17 Views no discussions “Super sand” is made using regular sand – and it could become a low-cost way to purify waterContaminated water can be cleaned much more effectively using a novel, cheap material, say researchers.Dubbed “super sand”, it could become a low-cost way to purify water in the developing world.The technology involves coating grains of sand in an oxide of a widely available material called graphite – commonly used as lead in pencils.The team describes the work in the American Chemical Society journal Applied Materials and Interfaces.In many countries around the world, access to clean drinking water and sanitation facilities is still limited.The World Health Organization states that “just 60% of the population in Sub-Saharan African and 50% of the population in Oceania [islands in the tropical Pacific Ocean] use improved sources of drinking-water.”The graphite-coated sand grains might be a solution – especially as people have already used sand to purify water since ancient times.Coating the sand But with ordinary sand, filtering techniques can be tricky.Dr Wei Gao from Rice university in Texas, US, told BBC News that regular coarse sand was a lot less effective than fine sand when water was contaminated with pathogens, organic contaminants and heavy metal ions.While fine sand is slightly better, water drains through it very slowly.“Our product combines coarse sand with functional carbon material that could offer higher retention for those pollutants, and at the same time gives good throughput,” explained Dr Gao.She said that the technique the team has developed to make the sand involves dispersing graphite oxide into water and mixing it with regular sand.“We then heat the whole mixture up to 105C for a couple of hours to evaporate the water, and use the final product – ‘coated sand’ – to purify polluted water.”Cost-efficientThe lead scientist of the study, Professor Pulickel Ajayan, said it was possible to modify the graphite oxide in order to make it more selective and sensitive to certain pollutants – such as organic contaminants or specific metals in dirty water.Another team member, Dr Mainak Majumder from Monash University in Melbourne, Australia, said it had another advantage – it was cheap.“This material demonstrates comparable performance to some commercially available activated carbon materials,” he said.“But given that this can be synthesized using room temperature processes and also from cheap graphite sources, it is likely to be cost-efficient.”He pointed out that in Australia many mining companies extract graphite and they produce a lot of graphite-rich waste.“This waste can be harnessed for water purification,” he said.Dr Wei Gao from Rice university in Texas, US, told BBC News that regular coarse sand was a lot less effective than fine sand when water was contaminated with pathogens, organic contaminants and heavy metal ions.While fine sand is slightly better, water drains through it very slowly.“Our product combines coarse sand with functional carbon material that could offer higher retention for those pollutants, and at the same time gives good throughput,” explained Dr Gao.She said that the technique the team has developed to make the sand involves dispersing graphite oxide into water and mixing it with regular sand.“We then heat the whole mixture up to 105C for a couple of hours to evaporate the water, and use the final product – ‘coated sand’ – to purify polluted water.”BBC News Share Share Tweet HealthLifestyle ‘Super sand’ to help clean up dirty drinking water by: – June 24, 2011 Share Sharing is caring!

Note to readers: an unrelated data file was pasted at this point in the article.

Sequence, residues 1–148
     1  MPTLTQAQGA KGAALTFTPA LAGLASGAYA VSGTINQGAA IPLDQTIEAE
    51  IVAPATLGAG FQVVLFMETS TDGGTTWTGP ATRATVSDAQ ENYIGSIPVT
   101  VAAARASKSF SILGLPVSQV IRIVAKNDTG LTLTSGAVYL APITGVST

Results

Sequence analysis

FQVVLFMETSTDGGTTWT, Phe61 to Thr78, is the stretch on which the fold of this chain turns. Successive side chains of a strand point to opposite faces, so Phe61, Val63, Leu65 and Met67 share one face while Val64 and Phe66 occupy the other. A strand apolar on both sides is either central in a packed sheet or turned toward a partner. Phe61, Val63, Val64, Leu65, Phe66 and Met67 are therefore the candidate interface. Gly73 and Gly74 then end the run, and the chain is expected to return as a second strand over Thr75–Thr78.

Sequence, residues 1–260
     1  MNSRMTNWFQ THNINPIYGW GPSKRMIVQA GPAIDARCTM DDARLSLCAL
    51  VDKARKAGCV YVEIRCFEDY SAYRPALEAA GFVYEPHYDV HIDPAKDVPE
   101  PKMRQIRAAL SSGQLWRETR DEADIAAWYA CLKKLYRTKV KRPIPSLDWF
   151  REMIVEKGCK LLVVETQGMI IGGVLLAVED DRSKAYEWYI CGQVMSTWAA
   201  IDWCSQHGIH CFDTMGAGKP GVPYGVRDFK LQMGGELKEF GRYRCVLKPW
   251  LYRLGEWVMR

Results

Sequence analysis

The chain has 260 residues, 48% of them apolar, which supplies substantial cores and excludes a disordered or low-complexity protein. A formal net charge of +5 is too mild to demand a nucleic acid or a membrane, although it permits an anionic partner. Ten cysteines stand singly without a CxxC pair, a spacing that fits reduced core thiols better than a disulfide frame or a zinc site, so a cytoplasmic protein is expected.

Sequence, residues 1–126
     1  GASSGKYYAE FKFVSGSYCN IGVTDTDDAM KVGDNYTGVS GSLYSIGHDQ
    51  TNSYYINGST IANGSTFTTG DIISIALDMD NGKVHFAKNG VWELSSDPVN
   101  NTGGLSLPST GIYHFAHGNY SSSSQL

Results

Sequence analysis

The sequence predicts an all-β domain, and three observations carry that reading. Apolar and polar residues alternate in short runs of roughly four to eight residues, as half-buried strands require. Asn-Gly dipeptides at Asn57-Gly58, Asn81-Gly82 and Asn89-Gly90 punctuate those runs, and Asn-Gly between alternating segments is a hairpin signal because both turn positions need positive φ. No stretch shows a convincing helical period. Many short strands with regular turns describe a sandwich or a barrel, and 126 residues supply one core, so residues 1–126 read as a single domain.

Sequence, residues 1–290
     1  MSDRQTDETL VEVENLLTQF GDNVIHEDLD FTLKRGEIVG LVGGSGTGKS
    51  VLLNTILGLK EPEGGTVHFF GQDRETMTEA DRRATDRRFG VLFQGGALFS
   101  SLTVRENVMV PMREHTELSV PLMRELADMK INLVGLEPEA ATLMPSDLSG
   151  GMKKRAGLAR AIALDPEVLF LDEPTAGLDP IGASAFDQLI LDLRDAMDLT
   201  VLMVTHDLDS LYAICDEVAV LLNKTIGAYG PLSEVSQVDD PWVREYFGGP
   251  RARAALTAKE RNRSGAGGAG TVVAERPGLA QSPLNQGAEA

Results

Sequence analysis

Related Stories Storify: Scott Shafer, his family, coaches and players tweet before his final game Published on November 28, 2015 at 12:12 pm Contact Paul: [email protected] | @pschweds Syracuse head coach Scott Shafer was fired on Monday by Director of Athletics Mark Coyle. Shafer will still coach his final game against Boston College on Saturday.As fans tailgated before the BC game, here are some of their thoughts on SU’s coaching situation.Scott Littlefield, six-year season-ticket holder, SU Class of 1987“I don’t think SU should be in that ‘fire a coach every three years’ mentality. I just don’t think we’re like Alabama, Ohio State, if the guy’s not doing it, fire him and start all over again. I think SU has to be a little bit more patient with its coaches. I know Coyle’s coming in and I’m sure he was hoping it would work out, but I just don’t know what the alternatives are.”“At this point I’m kind of excited to see what happens, I just hope it’s the right move. I just hope it’s not a swing and a miss because that’s going to set us back. We’ve got this class of kids with Moe Neal and Rex Culpepper and they’re all kind of sitting on their hands not knowing what’s going to happen.”AdvertisementThis is placeholder textTim Durham, 20-year season-ticket holder“Scott Shafer plays, in my opinion, not to lose instead of playing to win. Last week was a prime example. You got fourth-and-goal from the 2 and you kick a field goal. Your season’s done anyway, you might as well go for it. He just didn’t have the guts to go for it and I think that’s why he lost his job.”Dan Chamberlain, 28-year season-ticket holder“I was upset when he got fired. I understand a little why the AD had to do it but I think Shafer, if he was given the time to do it, with what he had in place, what he was doing, he would have definitely built it into a winning program. At the very least I think he should have gotten one more year. But I understand the AD was under pressure after two losing seasons.”Ben Watkins, first-year season-ticket holder, SU Class of 2008“I think he had to be fired. If you’re going to make a move, you have to make it then. It’s kind of an unfortunate situation, he was building some momentum getting some good players in here. You could see the players played hard for him but the last couple games, a lot of silly penalties. He lost his mind two straight games … it seems like the pressure just kind of got to him a little bit.”Joel Gusman, 25-year season-ticket holder“I loved his intensity and he won me over, but in the end, after losing eight in a row, it’s tough. I respect the decision. I hope he gets another chance somewhere else but it’s time to move on.”Jeremy Conners, eight-year season-ticket holder“A change had to be made. You can’t lose games like the Virginia game, the South Florida game, the Pittsburgh game. Back-to-back three-win seasons unfortunately with below average recruiting isn’t going to cut it in today’s day and age … The downfall was in-game coaching mistakes. He just didn’t seem to learn from week to week. He seemed over his head for the position.”John Ostapovich, three-year season-ticket holder, SU Class of 1997When Shafer got hired three years ago, his passion and enthusiasm for Syracuse and the community actually encouraged me to become a season-ticket holder. … (But) it didn’t feel like he had a good feel for the game. It was hard to say whether or not he was ever going to learn that. I was always on the fence the last couple of weeks of whether or not he should go but I don’t disagree with the AD’s decision. Comments Facebook Twitter Google+